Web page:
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Animals
The LTS offers possibilities for visitors to see rare and unique species of animals. A few are highlighted below.

  • The desert tortoise is a federally listed threatened species that depends on the desert scrub of the LTS for its habitat.
  • Chuckwallas, listed as a BLM Sensitive Species, are frequently found in the same habitats as the desert tortoise. These lizards have a peculiar way of defending themselves— they fill their bellies with air to make it difficult for predators to remove them from the crevices where they live.
  • The Gila monster, also a BLM Sensitive Species, is the only poisonous lizard found in North America.
  • Nevada’s state animal and a BLM Sensitive Species, the desert bighorn sheep, uses the LTS as a cool-weather range. During cooler months, visitors to the LTS can often spot herds on rock outcrops and see their tracks on the ground.
  • Bald eagles have been identified in the LTS.
  • Gambel’s Quail, a Nevada protected species, uses the LTS as habitat.

For an original story about the animals of the LTS, check out Logandale Trail Tales.


Plants

Visitors to the LTS can also find several rare plant species: the three-cornered milkvetch, the Las Vegas bearpoppy, the two-toned beardtongue, and possibly the sticky buckwheat. The milkvetch, beardtongue, and sticky buckwheat are located near The Boot trail, the main trail in the LTS. These plants are most visible in spring, when they bloom.


Although not a single plant species, cryptobiotic soils are visibly present in the LTS. These delicate plant structures forming the crust of the soil are important for the health of the desert ecosystem since they provide nutrients to the soil and limit erosion. For more information about cryptobiotic soil crusts, please visit www.soilcrust.org.


Several plants found in the LTS are traditionally used by American Indians. The Moapa Band of Paiutes, descendents of previous inhabitants of the LTS, still use many plants found in the LTS for traditional purposes. See if you can find them during your visit.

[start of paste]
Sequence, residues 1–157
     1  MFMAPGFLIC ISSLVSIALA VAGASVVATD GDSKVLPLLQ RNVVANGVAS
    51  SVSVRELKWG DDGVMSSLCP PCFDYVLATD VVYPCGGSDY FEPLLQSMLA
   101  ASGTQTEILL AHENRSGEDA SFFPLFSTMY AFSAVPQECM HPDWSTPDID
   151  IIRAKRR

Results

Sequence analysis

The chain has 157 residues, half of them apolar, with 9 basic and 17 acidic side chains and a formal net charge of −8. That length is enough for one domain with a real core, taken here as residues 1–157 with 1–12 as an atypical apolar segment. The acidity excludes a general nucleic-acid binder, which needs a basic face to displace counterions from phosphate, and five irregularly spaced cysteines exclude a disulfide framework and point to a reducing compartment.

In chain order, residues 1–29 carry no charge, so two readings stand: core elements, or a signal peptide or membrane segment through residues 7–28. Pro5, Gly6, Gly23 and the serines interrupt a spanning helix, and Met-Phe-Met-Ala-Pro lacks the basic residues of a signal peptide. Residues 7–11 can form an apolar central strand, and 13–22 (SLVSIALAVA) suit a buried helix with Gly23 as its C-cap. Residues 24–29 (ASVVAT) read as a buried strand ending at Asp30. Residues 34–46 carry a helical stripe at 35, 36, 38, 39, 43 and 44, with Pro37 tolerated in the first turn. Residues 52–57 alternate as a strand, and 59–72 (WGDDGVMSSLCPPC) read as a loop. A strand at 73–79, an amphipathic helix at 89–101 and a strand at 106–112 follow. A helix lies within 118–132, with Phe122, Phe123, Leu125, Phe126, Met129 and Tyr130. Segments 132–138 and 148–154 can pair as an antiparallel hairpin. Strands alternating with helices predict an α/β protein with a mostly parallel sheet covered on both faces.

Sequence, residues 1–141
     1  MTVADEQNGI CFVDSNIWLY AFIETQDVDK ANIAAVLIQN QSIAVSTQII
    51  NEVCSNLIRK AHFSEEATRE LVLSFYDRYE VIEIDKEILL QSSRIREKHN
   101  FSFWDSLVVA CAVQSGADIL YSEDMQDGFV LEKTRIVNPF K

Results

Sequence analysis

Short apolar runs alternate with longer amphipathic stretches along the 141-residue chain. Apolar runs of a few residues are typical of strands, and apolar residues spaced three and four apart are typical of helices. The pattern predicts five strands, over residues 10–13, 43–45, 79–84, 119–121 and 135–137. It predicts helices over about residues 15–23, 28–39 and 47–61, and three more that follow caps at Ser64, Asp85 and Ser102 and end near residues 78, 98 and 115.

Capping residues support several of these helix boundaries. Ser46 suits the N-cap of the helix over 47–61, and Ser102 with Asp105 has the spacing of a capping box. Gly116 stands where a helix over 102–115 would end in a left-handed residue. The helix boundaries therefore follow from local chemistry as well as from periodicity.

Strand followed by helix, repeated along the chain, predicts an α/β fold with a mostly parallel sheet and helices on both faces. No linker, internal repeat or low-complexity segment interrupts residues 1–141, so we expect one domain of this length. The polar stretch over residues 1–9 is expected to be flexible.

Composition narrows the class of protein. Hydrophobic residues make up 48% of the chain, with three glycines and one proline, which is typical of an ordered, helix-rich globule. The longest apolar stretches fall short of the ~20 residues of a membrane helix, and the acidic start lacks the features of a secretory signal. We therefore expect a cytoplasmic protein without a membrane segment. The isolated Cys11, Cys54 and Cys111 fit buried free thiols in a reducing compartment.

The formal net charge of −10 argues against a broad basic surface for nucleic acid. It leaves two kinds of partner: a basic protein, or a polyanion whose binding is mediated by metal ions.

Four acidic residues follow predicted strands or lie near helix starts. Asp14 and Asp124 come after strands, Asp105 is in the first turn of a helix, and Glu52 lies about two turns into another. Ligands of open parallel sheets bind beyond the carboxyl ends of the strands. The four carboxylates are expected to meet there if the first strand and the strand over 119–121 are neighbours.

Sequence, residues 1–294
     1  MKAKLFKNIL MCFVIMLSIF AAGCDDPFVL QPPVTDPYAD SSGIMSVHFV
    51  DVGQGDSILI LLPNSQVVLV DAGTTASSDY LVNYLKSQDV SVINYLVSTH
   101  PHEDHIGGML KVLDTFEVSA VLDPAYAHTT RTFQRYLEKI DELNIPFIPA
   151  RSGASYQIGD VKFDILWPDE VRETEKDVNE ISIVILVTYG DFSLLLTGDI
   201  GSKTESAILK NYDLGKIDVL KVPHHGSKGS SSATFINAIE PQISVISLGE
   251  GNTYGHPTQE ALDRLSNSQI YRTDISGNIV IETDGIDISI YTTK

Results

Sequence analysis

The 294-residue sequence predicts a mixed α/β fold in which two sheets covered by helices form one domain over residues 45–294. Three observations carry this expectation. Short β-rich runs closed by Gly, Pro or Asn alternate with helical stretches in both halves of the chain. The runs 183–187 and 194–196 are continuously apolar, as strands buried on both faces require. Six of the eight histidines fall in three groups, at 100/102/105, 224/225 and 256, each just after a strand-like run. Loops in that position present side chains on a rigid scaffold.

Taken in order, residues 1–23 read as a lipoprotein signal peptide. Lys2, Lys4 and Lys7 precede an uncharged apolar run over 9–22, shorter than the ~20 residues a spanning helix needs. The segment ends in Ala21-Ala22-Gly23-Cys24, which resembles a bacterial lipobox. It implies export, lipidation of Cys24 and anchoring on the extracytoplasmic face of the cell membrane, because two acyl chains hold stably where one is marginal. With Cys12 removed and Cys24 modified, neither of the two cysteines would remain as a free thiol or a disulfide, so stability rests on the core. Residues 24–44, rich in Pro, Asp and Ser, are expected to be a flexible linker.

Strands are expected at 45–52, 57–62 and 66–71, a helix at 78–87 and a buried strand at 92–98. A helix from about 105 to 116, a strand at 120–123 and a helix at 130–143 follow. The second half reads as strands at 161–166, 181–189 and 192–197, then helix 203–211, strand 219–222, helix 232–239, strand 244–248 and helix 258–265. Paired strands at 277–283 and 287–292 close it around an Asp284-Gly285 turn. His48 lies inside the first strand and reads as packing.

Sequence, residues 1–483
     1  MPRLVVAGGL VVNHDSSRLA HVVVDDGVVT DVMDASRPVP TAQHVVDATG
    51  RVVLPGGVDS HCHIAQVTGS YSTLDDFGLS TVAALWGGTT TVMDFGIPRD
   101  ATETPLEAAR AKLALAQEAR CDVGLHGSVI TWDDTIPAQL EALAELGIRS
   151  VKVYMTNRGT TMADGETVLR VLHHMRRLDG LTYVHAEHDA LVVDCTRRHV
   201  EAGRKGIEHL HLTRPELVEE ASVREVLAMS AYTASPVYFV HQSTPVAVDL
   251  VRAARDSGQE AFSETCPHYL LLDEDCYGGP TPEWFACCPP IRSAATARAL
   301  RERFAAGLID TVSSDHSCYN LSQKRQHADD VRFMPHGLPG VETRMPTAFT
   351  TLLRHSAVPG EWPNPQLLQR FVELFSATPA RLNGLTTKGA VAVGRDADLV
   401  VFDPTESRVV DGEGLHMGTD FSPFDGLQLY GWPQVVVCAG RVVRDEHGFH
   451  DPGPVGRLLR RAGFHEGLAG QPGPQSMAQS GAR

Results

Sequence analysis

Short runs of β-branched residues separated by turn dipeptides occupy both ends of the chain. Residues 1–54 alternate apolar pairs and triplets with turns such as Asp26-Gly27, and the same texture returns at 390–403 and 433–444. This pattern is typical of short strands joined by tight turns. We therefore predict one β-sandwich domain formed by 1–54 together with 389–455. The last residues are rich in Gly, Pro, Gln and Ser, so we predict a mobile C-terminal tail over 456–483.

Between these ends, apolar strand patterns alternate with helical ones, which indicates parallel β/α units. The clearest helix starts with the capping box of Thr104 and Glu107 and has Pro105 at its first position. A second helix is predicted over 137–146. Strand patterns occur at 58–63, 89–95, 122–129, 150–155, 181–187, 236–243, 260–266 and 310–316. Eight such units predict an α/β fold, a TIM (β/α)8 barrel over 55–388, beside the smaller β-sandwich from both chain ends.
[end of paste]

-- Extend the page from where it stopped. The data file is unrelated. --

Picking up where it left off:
History and Culture

The LTS is the former home of the Virgin Anasazi, a culture that mysteriously left the area around 1150 AD. Other groups came before and after the Anasazi, leaving evidence of their presence in the area. If careful, visitors to LTS can spot rock art, pueblo foundations, and artifacts that indicate the former presence of these cultures. Due to the subtle and sometimes hidden nature of the resources, most visitors pass them by without knowing they exist. Several petroglyph sites are in recesses of rock formations, not visible to the casual passer-by.


The drawings that can be seen on rocks in the LTS are petroglyphs (American Indian rock drawings). The images are pecked into the darkened, desert varnished surface of the sandstone to reveal the lighter rock beneath. Prehistorians tell us that most of the petroglyphs at this site were carved thousands of years ago. More precise dating of the petroglyphs is still under development. Petroglyphs are not unique to this spot. In fact, they can be found on every continent except Antarctica. They form a unique part of our human heritage, and deserve our protection.


We know from historic accounts of indigenous peoples throughout the world that the creation of petroglyphs was an element in the practice of religion. Some commemorate an experience with the supernatural. The designs incorporate traditional elements from hunting religions, animal ceremonialism, and mythology. Rock art served as a portal to power - accessing the supernatural agents responsible for world renewal and ensuring continuation of life-giving elements: rain, food (plants and animals) and health. Petroglyphs have deep cultural and religious significance to the present-day Southern Paiute and other Indian tribes, who believe them to be sacred and imbued with the power of their ancestors.


In order to preserve the petroglyphs, follow these steps:

  • Take photographs rather than rubbings. The photos you take will not hurt the drawings, but rubbings gradually degrade them.
  • Do not touch the petroglyphs. Each person's fingers contain oils that are harmful to the drawings.
  • Leave the petroglyphs and any artifacts you may find in their places.

For more information about petroglyphs, please visit www.petroglyphs.us.


There is also evidence of more recent history, representative of the efforts to develop the Moapa Valley in the 19th and 20th centuries.